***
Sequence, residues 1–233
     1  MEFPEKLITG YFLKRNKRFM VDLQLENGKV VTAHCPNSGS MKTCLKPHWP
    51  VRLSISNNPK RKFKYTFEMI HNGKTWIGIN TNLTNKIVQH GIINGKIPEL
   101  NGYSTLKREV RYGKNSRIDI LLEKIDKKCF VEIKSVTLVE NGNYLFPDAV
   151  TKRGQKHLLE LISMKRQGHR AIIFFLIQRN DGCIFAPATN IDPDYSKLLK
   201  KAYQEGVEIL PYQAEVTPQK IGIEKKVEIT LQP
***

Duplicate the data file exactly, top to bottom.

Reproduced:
Sequence, residues 1–233
     1  MEFPEKLITG YFLKRNKRFM VDLQLENGKV VTAHCPNSGS MKTCLKPHWP
    51  VRLSISNNPK RKFKYTFEMI HNGKTWIGIN TNLTNKIVQH GIINGKIPEL
   101  NGYSTLKREV RYGKNSRIDI LLEKIDKKCF VEIKSVTLVE NGNYLFPDAV
   151  TKRGQKHLLE LISMKRQGHR AIIFFLIQRN DGCIFAPATN IDPDYSKLLK
   201  KAYQEGVEIL PYQAEVTPQK IGIEKKVEIT LQP